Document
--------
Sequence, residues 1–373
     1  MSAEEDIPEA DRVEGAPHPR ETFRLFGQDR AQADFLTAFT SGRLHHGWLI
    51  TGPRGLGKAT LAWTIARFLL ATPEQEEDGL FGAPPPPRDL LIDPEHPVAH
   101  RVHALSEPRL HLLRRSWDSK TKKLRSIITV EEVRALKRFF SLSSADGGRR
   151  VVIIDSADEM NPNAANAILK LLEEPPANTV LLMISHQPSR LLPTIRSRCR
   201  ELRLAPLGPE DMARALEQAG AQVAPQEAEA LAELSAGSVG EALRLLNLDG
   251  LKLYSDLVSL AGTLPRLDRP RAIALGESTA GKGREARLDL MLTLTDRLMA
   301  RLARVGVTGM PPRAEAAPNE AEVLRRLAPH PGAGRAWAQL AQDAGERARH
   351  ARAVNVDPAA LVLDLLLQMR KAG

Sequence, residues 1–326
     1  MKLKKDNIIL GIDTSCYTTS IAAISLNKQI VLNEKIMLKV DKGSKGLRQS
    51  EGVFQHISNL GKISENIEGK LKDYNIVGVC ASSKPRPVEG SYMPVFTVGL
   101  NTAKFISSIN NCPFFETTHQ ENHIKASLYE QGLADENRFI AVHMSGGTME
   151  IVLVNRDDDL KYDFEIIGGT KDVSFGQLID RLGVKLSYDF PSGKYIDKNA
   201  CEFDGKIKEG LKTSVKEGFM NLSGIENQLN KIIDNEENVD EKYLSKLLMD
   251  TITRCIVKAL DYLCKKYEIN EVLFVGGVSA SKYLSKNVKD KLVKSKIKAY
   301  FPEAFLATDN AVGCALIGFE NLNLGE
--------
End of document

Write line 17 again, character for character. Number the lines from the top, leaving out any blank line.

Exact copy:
   301  FPEAFLATDN AVGCALIGFE NLNLGE